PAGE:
1. ohaiguise's Avatar
    BlackBerry is still using weak encryption standards?-2016-07-25_07-12-56.jpg

    Hey ... this isn't good.

    I thought security was Chen's number one? I think they are too busy playing with Android and forgetting the fundamentals ...
    07-25-16 01:14 AM
  2. Dunt Dunt Dunt's Avatar
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    Hey ... this isn't good.

    I thought security was Chen's number one? I think they are too busy playing with Android and forgetting the fundamentals ...
    Think it's a matter of BlackBerry being a smaller company, that has to prioritize what they can, and cannot do. Bet that right now BBID login info isn't their focus... But then you would think that as part of their website "update", they would have implemented some of the newer standards...
    07-25-16 08:11 AM
  3. Alain_A's Avatar
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    Hey ... this isn't good.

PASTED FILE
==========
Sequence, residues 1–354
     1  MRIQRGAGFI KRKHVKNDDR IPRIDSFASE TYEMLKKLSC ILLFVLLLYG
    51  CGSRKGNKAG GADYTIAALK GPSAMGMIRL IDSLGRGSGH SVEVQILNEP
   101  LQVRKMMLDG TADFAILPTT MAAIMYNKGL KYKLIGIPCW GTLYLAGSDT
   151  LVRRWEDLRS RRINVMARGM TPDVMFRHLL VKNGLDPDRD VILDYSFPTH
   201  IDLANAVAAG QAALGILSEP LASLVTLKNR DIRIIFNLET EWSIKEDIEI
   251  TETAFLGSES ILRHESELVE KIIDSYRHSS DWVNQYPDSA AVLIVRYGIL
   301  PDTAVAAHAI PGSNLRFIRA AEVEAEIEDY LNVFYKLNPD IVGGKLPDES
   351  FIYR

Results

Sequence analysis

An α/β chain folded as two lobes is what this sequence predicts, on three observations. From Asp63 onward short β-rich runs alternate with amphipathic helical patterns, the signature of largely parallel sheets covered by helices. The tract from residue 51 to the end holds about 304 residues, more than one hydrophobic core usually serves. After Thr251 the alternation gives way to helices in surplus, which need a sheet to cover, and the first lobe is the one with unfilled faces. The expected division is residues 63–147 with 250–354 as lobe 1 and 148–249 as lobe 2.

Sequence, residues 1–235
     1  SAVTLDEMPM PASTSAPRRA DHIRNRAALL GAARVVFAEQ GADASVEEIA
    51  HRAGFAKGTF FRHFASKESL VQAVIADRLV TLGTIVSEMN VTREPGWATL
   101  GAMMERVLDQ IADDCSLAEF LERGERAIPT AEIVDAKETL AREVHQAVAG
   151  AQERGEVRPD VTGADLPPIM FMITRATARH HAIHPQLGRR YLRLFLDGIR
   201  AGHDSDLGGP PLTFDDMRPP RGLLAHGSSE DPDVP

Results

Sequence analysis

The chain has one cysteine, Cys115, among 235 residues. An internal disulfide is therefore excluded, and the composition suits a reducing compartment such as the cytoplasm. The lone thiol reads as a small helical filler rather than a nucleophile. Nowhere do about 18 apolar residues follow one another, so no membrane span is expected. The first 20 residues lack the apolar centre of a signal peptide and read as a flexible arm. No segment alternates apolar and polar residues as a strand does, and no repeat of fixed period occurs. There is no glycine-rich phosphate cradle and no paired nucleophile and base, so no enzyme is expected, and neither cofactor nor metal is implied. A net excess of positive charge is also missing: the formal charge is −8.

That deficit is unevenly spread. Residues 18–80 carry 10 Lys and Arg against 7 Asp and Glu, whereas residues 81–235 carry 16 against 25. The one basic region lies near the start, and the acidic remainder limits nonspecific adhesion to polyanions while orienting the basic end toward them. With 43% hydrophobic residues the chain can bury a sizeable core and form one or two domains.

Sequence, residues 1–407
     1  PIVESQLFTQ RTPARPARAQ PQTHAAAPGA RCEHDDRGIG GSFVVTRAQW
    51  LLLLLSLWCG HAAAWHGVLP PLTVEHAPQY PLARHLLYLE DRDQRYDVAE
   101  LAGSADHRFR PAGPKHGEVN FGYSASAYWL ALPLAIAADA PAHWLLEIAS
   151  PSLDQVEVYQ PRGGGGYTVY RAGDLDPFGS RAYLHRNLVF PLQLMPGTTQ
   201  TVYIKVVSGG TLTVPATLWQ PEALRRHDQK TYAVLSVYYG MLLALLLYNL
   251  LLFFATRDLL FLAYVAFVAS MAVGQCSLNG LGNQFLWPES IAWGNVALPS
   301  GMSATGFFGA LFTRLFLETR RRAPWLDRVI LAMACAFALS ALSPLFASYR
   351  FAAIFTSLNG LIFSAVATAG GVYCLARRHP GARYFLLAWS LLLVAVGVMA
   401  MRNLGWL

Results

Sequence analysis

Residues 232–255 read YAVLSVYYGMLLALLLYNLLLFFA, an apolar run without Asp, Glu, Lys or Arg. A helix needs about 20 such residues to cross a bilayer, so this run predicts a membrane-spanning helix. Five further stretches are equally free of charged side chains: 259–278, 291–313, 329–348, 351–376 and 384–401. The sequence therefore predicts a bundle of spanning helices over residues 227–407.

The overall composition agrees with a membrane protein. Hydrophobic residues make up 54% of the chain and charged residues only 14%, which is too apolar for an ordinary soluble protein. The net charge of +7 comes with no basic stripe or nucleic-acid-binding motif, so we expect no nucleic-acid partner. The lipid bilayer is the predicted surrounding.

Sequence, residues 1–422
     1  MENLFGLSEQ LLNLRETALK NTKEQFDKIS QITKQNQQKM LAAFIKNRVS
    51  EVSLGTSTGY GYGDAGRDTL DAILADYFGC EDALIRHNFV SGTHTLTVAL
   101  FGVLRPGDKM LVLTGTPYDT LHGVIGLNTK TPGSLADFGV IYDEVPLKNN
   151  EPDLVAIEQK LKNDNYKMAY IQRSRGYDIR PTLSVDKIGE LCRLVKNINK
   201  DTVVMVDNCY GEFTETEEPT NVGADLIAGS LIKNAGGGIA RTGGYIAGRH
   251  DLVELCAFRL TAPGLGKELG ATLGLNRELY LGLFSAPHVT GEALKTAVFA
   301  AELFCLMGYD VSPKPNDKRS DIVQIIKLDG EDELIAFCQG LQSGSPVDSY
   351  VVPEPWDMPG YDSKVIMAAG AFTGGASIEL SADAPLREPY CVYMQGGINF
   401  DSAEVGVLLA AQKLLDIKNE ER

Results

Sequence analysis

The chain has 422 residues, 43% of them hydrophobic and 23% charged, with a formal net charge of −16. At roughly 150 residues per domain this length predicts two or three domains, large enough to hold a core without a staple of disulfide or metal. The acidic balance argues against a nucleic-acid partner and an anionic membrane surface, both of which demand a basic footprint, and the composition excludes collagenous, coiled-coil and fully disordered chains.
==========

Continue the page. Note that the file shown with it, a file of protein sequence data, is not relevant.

I thought security was Chen's number one? I think they are too busy playing with Android and forgetting the fundamentals ...
    Cannot have to hard of an encryption otherwise How the government will spy on you?....Lol
    07-25-16 08:51 AM
  4. ohaiguise's Avatar
    Think it's a matter of BlackBerry being a smaller company, that has to prioritize what they can, and cannot do. Bet that right now BBID login info isn't their focus... But then you would think that as part of their website "update", they would have implemented some of the newer standards...